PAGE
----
Organizer-commander of the famous "Flying Tigers" of the China-Burma-India theater in World War II. An outstanding air strategist, Chennault had retired from a pioneer flying career when, in 1937, he was asked by Gen. Chaing Kai-Shek to help China develop an air force to combat threatening raids by Japan.
Four years later, with World War II spreading, he received permission from the U. S. to seek a corps of American airmen to help train the Chinese. A total of 252 men -- 87 pilots and 165 ground personnel -- joined the "American volunteer group." Its popular name resulted from a misunderstanding of the sharks' teeth painted on the noses of the aircraft.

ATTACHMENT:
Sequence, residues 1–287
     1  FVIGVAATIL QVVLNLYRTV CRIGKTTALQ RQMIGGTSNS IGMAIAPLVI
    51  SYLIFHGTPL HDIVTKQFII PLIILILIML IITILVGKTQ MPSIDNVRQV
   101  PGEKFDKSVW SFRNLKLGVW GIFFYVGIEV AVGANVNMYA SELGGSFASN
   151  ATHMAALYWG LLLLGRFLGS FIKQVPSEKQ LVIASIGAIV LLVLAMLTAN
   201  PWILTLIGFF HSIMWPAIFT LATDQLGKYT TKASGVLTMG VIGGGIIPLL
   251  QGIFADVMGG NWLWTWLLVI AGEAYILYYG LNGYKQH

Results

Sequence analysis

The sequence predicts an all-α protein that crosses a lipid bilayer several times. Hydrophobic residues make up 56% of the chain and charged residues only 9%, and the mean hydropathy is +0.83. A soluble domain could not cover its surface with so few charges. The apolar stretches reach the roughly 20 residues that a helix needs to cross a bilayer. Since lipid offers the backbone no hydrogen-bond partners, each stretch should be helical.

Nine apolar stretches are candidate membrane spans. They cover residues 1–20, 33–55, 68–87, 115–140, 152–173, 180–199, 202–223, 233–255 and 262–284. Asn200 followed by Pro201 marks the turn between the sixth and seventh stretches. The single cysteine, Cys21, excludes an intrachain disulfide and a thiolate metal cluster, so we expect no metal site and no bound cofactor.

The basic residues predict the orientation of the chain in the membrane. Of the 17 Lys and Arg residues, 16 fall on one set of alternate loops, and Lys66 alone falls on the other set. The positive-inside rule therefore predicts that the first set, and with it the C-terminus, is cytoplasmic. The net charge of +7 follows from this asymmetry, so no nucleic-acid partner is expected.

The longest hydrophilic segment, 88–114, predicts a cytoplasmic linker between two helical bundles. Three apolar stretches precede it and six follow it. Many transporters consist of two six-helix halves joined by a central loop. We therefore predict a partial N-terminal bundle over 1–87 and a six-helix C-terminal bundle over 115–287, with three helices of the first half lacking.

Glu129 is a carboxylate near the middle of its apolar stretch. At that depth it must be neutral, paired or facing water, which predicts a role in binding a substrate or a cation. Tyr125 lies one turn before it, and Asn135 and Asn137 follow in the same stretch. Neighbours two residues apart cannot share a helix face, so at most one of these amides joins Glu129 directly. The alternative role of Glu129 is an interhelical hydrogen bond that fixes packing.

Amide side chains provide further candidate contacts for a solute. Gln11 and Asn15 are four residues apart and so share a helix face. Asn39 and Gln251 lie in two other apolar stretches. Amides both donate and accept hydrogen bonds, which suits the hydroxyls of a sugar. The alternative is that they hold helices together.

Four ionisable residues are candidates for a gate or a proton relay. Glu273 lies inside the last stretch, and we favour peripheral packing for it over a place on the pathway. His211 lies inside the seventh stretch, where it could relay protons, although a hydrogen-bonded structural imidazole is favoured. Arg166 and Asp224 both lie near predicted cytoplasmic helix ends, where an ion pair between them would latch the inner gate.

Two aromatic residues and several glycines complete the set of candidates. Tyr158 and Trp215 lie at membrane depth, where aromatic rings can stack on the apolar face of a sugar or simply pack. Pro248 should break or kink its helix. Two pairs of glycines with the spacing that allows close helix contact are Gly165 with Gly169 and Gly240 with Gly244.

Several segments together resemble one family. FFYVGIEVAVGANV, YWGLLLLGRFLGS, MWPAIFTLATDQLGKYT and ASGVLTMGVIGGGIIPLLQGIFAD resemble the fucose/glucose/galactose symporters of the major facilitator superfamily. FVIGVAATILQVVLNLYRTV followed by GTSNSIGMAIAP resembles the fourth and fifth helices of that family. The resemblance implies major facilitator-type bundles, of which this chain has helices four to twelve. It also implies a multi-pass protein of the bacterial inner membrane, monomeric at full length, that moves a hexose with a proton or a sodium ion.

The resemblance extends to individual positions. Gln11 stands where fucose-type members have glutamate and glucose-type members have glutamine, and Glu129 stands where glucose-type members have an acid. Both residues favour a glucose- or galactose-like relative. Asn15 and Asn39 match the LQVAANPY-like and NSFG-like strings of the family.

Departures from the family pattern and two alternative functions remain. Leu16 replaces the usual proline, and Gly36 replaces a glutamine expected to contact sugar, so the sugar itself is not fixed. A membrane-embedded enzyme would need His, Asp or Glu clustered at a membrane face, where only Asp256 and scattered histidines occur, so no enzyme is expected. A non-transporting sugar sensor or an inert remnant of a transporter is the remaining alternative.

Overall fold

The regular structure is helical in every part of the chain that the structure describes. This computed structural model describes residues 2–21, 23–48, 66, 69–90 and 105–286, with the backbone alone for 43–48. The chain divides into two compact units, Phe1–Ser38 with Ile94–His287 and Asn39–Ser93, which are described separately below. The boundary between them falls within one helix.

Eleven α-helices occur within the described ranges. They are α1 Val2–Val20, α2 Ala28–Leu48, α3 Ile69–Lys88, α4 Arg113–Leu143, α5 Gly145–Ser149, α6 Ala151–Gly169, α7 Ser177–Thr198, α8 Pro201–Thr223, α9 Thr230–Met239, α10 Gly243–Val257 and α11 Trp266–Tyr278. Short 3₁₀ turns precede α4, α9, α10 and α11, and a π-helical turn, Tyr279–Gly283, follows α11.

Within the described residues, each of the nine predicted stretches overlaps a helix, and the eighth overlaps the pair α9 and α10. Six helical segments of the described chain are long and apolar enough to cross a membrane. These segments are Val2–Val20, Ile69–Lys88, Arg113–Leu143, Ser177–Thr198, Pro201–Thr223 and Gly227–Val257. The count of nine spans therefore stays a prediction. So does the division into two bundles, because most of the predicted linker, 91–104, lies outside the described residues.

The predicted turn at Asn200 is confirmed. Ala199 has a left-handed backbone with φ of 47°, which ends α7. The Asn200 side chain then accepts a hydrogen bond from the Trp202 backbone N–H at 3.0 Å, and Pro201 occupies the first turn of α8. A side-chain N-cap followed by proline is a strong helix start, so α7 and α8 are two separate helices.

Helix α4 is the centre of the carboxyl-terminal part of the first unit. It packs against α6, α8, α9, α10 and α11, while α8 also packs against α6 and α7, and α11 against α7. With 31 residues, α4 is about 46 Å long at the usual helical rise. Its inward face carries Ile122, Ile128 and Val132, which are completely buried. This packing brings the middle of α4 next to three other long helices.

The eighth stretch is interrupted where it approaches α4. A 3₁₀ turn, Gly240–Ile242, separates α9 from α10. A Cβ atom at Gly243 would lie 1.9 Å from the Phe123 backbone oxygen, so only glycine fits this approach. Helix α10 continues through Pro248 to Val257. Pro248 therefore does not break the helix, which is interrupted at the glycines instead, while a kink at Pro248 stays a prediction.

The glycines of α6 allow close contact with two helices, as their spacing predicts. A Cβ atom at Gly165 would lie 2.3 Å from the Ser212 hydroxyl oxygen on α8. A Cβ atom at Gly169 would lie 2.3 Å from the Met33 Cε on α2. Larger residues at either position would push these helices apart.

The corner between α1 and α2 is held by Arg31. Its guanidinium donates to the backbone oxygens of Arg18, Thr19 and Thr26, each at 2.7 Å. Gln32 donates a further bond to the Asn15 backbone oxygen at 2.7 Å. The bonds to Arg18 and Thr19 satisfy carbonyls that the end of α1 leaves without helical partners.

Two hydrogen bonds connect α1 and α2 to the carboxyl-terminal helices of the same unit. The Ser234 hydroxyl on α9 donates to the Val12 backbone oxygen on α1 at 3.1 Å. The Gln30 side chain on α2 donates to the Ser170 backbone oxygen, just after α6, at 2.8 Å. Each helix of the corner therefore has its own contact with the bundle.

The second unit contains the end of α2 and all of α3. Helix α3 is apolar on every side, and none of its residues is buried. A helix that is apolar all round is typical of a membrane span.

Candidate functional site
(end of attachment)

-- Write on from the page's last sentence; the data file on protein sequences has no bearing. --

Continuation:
The Tigers formed three squadrons -- "Adam and Eve," "Panda Bears," and "Hell's Angels" -- supported by the expert pilots of the China National Aviation Corps, a daring supply transport group. So effectively had Chennault studied Japanese air tactics that his tiny band officially destroyed 539 enemy aircraft while losing only 90 itself. During 1941-1942, they checked Japan's invasion of China, then joined regular units.
Jack Cornelius, also a native of Commerce and a close friend of Chennault's, was a member of the first pursuit squadron of the Tigers.